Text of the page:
For some reason a lot of non-day traders think they have to spend all their time in front of the screens.  This is the case even when things aren’t going all that well.  The fact is that many traders would be better served spending their time doing additional research instead of focusing on the tick-by-tick moves in the market.

Peter Brandt issues a challenge to less than successful day traders to step away from the screens.  He proposes an experiment to see just how much your intraday executions are hurting your profits.  He writes:

Keep the log for a period of three months. After three months compare the performance of the hypothetical account to your real account. If your real account does consistently better based on your intraday decision making, then this is a sign that your constant attention to the markets during the day provides a value added to your performance.

Robert Sinn notes that many days a trader is out of synch with the market.  One thing great traders know is when to push their advantage and when to step away and focus on other things.  He writes:

Most losing traders share the common trait of overtrading and a feeling that they must be engaged with the markets at all times; whereas, the best traders know when to pick and choose their spots very carefully. They are willing to step away from the markets when conditions aren’t right and compelling risk/reward setups are sparse.

Over at Dynamic Hedge there is a great post up talking about the benefit of working on side projects. DH thinks that stepping away and working on research projects unrelated to his core trading can be beneficial.  He writes:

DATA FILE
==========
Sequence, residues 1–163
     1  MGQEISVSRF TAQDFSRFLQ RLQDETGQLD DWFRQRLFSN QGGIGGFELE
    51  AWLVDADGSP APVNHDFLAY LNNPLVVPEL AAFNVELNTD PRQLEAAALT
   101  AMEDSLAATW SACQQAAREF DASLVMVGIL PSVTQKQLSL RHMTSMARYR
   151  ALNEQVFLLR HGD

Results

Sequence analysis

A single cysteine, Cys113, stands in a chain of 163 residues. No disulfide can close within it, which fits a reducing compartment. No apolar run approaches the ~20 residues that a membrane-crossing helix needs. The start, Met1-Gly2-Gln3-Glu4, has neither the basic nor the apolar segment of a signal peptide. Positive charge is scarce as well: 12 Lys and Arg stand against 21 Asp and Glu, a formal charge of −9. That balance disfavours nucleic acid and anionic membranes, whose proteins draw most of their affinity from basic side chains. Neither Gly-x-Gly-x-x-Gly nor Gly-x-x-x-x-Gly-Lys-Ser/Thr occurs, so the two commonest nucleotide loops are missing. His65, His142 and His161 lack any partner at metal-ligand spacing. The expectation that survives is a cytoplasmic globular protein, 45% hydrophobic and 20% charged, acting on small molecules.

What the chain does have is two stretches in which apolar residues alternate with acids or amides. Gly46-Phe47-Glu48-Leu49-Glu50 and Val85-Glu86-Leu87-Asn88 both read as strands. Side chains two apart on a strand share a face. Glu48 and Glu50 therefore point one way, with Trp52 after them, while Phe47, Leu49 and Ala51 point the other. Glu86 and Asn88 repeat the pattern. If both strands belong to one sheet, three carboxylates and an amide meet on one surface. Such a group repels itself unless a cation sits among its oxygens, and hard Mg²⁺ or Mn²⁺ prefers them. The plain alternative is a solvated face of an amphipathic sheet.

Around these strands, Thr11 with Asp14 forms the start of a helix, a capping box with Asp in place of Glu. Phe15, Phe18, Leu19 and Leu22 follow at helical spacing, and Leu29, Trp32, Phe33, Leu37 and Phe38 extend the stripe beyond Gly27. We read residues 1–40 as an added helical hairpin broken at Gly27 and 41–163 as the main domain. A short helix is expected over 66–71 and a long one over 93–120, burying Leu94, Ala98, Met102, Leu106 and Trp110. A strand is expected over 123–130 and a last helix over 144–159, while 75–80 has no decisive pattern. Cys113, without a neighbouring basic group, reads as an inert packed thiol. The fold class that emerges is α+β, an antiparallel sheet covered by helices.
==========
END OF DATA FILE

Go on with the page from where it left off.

Side projects keep you fresh.  I’m still super passionate about the market so I need somewhere to test my theories and just screw around so I don’t get stuck in a rut.  I’m lucky to have a great trading partner who is just as curious and passionate about the market as I am.

Tyler Craig in a post yesterday talked about whether traders should specialize or diversify.  He comes down on the side of specialization in part because of the effort required to become a trading “jack of all trades.”  Traders need to master a system before moving on to the next one.  The only way to do that is through hard work.  He writes:

In your knowledge acquisition quest, don’t sacrifice specialization. Don’t become a jack of all trades and master of none.

The thread running through these posts is that there is much more to trading than staring at a screen.  Ther is of course the burnout factor.  The simple fact is that most traders need to step away from the screens so that they can think, write and research.  Only by dedicating time to new paths can they come up with novel ways to trade.  Nobody’s trading system is perfect.  So spending some time away from the screens can provide the impetus needed to become a more successful trader.

Items mentioned above:

Traders:  turn off your screens!  (Peter Brandt)

Knowing when to shut your trading down for the day.  (Stock Sage)

On the benefits of working on side projects.  (Dynamic Hedge)

Jack of all trades.  (Tyler’s Trading)

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